This paper develops a new approach that combines firm margins, market-level industry data and a static demand model to construct sets containing unbiased estimates of long-run price elasticities for storable good industries. It obviates the need to solve the consumer’s value function and can be completed within a policy-making timeframe. This methodology allows for the effect of contemporaneous and inter-temporal substitution on pricing incentives to be measured by dynamic diversion ratios. Together with the margins, these are key inputs into a new price pressure test for mergers in industries with dynamic demand. This framework is applied to the UK laundry detergent industry from 2002 to 2012. I conduct two policy experiments that show how estimated sets of bias-corrected price elasticities and diversion ratios can be used to avoid misguided policy-decisions. In both cases demonstrating the efficacy of set-valued policy tools.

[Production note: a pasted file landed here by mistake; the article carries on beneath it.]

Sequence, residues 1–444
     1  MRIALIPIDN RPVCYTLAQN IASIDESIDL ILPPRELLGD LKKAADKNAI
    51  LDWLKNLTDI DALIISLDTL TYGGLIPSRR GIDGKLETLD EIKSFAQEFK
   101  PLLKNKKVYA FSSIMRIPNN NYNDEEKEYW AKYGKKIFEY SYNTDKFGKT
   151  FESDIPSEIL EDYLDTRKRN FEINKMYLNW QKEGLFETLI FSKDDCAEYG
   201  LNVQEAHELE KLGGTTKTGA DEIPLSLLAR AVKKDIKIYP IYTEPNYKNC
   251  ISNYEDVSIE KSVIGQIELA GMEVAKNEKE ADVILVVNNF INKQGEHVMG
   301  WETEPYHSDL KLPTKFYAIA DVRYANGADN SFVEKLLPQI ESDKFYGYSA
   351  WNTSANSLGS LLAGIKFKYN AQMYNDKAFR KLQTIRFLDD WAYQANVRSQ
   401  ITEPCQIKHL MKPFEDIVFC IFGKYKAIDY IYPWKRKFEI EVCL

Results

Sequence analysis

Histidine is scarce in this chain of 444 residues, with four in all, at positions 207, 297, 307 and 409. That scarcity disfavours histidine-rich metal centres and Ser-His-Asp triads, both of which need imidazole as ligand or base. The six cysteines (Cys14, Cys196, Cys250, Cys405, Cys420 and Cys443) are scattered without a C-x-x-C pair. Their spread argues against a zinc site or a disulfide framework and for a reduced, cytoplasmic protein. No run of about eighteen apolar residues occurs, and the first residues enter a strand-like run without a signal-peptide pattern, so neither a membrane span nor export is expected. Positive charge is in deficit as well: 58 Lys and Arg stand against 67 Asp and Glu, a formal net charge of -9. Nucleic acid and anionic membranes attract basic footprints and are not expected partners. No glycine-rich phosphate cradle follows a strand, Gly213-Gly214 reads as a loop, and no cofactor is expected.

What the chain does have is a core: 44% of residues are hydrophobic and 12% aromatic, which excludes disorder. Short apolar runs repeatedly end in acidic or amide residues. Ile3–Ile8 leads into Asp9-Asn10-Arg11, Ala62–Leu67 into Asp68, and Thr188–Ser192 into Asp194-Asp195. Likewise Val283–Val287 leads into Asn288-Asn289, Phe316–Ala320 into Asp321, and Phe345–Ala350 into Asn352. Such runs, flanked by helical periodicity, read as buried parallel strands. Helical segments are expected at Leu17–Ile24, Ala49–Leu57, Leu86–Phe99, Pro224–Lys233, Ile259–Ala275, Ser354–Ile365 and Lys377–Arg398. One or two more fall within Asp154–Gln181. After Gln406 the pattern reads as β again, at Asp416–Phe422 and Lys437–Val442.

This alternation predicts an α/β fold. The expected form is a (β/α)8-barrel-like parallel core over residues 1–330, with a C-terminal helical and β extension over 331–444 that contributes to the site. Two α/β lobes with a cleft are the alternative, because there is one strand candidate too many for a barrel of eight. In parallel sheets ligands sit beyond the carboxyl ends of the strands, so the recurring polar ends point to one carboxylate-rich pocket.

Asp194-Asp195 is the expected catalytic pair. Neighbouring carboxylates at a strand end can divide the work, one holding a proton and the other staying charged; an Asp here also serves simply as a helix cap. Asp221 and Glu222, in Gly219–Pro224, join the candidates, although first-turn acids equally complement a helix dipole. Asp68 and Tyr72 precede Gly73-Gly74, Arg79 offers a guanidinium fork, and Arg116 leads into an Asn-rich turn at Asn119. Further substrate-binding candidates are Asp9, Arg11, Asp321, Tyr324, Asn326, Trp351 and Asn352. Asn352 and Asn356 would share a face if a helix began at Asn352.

High-dimensional inventories and consumer dynamics: demand estimation for fast moving consumer goods
New version coming soon
This paper develops a high-dimensional dynamic discrete-continuous demand model for storable fast moving consumer goods. Assumptions of existing models are relaxed while retaining computational tractability. As a result, the model captures rich inter- and intra-temporal substitution patterns, allows for a detailed understanding of dynamic consumer behaviour, and provides a framework with wide applicability. To estimate and solve the dynamic demand model, I use techniques from approximate dynamic programming, large-scale dynamic programming in economics, machine learning, and statistical computing. In this paper I apply the model to the UK laundry detergent sector using household level purchase data.
Work in Progress
Storability and alcohol taxation joint with Lars Nesheim
Industry structure and price dynamics in storable good industries
The effect of the financial crisis on bank lending to SMEs joint with Ben Hemingway